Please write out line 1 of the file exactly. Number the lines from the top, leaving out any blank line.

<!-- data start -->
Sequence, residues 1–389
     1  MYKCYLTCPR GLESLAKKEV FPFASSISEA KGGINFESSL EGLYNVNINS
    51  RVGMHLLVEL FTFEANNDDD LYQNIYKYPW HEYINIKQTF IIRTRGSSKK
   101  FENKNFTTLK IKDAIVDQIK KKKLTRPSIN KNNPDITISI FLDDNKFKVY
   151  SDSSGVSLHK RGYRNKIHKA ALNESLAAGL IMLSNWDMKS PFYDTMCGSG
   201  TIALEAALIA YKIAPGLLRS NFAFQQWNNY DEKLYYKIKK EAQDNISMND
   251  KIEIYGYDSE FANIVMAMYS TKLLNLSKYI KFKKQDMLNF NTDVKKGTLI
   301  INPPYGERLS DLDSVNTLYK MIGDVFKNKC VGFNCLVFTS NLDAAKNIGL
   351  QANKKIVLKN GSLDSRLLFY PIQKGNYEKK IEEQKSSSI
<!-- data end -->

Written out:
Sequence, residues 1–389